Addressing misconceptions about biblical womanhood

God designed women to be defined by him, not anything or anyone else.

Addison Freiheit, Staff Writer

Although Christians typically think of Eve as Adam’s “helper”—which is taken from Genesis 2:18—Eve’s name means “life,” “life-giving” or “the mother of all life.” God designed women to be complimentary—not inferior—to men. 


Our perception of the “Proverbs 31 woman” carries religious expectation rooted more in American Christian culture’s idea for women than in God’s. Proverbs 31:10-31 is not meant to be an ancient, unrealistic list of expectations; It is a celebration of God’s true design for women. Younger generations have finally broken out of the “stay-at-home-mom requirement” for women, which is not rooted in the bible. 

The Bible calls men and women to work hard for the glory of God at everything they do. Proverbs 31 details this out as it describes a woman who “works with willing hands,” “rises while it is yet night” and “considers a field and buys it.” This can be intimidating. The “Proverbs 31 woman” appears to run a household, manage the finances, make her own clothes, barter and trade, feed the homeless and look good while doing it. If this is our ideal example of womanhood, then we are bound to fall short. 

But Proverbs 31 does not describe anything not already detailed in the previous 30 chapters of Proverbs. Proverbs is a book of wisdom, written to instruct people to fear the Lord. Proverbs 31 is also rooted in the reality that “a woman who fears the Lord is to be praised.” All Proverbs 31 does is emphasize that wisdom and its blessings are a gift from God. Instead of worrying about whether we are checking all the boxes, Christian women only need to consider whether they are putting God first. Everything else is the fruit of that.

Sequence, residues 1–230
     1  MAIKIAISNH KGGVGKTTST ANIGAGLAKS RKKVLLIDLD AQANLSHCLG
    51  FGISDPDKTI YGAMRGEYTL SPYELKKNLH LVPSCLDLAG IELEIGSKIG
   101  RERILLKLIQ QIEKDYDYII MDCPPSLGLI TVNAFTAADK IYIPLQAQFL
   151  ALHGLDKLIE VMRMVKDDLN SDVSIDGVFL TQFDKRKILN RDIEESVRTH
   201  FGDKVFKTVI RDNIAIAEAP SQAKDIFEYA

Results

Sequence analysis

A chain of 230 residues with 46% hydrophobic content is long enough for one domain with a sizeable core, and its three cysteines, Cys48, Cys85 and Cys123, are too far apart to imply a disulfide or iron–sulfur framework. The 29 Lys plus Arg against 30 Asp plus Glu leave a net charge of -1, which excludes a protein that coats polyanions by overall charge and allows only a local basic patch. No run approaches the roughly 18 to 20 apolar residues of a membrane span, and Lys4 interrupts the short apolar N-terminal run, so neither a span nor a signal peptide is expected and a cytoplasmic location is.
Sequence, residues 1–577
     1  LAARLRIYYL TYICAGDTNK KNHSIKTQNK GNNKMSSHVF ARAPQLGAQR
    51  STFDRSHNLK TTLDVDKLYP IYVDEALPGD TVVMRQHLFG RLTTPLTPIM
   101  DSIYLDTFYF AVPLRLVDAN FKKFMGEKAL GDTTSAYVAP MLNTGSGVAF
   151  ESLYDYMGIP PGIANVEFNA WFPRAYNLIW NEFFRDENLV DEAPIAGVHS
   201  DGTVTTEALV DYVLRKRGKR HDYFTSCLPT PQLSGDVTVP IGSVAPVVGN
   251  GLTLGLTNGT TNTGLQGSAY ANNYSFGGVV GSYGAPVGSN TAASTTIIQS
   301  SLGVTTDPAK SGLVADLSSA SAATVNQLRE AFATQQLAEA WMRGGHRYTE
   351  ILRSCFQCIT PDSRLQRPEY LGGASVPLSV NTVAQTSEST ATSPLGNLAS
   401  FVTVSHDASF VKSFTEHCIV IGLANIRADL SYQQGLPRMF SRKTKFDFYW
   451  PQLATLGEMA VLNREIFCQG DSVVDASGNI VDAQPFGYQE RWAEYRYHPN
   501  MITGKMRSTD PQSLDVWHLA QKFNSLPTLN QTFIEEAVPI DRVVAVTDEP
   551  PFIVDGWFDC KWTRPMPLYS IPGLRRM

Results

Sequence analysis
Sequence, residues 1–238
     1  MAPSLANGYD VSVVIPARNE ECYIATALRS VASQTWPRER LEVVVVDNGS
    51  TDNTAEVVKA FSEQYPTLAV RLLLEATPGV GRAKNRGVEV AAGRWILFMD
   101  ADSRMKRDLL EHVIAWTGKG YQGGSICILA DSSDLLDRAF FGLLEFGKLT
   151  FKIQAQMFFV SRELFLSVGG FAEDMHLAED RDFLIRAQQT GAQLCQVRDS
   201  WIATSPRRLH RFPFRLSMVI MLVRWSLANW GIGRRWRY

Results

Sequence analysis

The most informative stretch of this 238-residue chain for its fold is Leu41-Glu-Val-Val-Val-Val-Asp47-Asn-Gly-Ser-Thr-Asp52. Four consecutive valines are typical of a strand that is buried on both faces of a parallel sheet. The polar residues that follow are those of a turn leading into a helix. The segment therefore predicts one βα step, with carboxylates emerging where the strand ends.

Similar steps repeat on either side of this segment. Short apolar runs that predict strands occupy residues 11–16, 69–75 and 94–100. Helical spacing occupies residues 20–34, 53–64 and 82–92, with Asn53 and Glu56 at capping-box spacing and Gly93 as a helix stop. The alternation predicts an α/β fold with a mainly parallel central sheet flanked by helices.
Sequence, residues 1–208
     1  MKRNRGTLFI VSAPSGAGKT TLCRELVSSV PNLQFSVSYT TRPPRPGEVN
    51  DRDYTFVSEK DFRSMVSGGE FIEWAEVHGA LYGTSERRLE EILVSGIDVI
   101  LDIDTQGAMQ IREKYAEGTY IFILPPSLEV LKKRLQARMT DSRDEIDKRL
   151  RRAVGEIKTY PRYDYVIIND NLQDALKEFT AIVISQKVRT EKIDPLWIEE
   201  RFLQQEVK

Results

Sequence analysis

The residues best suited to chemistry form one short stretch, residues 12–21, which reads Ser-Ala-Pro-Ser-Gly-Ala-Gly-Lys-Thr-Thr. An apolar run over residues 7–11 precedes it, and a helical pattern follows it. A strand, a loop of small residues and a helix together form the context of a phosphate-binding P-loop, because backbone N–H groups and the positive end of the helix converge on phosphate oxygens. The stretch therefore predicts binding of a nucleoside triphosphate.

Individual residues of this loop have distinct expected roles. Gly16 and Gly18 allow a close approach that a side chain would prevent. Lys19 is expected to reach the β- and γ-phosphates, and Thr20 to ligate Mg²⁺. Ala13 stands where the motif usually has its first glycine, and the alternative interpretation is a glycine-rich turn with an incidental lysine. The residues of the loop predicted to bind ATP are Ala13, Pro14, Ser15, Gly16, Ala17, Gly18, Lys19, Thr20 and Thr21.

The term and the movement behind feminism have come to mean many different things throughout history, some of which are disagreeable for some sects of the Western church. However—feminism, in its most basic form, is the advocacy for the belief that the sexes are different yet equal. By that definition, Jesus was a feminist—and you should be too. 

In Jesus’ day, a woman’s worth was determined by her relation to a man, whether that be her father, brothers, sons or husband, her place was only in the home and only men learned from the Torah. Jesus dismantled the patriarchal systems that defined women’s roles in first-century Palestinian Jewish culture by simply letting women follow him in his ministry. Mary Magdalene and other women were traveling unmarried, with a group of men they were not related to, learning from a rabbi and ministering alongside him. That is radical feminism. 

In Luke 10:38-42, Jesus is teaching at the house of a woman named Martha. She is doing what women would traditionally do—be hospitable and serve. By all cultural standards and expectations for women, she was in the right for demanding Mary help her. Jesus affirmed Mary’s choice to learn from him, despite the fact that sitting at a rabbi’s feet was a man’s place. He even went so far as to tell Martha that Mary made the correct choice. Jesus implied that a woman’s place is not in the kitchen. 


Feminism should not disparage women for their choices. If wife, mother and homemaker are roles she truly wants to hold, then all power to her. If being a single CEO is the role she wants, then so be it. But above all, our place is at the feet of Jesus. And a woman’s worth is not determined by her relationship with any man or role she plays.

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